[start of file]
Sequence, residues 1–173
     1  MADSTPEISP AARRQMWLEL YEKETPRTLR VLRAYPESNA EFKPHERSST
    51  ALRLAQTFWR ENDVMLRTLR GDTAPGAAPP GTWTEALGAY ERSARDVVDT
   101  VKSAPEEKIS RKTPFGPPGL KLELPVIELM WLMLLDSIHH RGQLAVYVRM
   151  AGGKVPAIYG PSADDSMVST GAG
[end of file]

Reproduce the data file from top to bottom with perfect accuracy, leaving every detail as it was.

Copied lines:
Sequence, residues 1–173
     1  MADSTPEISP AARRQMWLEL YEKETPRTLR VLRAYPESNA EFKPHERSST
    51  ALRLAQTFWR ENDVMLRTLR GDTAPGAAPP GTWTEALGAY ERSARDVVDT
   101  VKSAPEEKIS RKTPFGPPGL KLELPVIELM WLMLLDSIHH RGQLAVYVRM
   151  AGGKVPAIYG PSADDSMVST GAG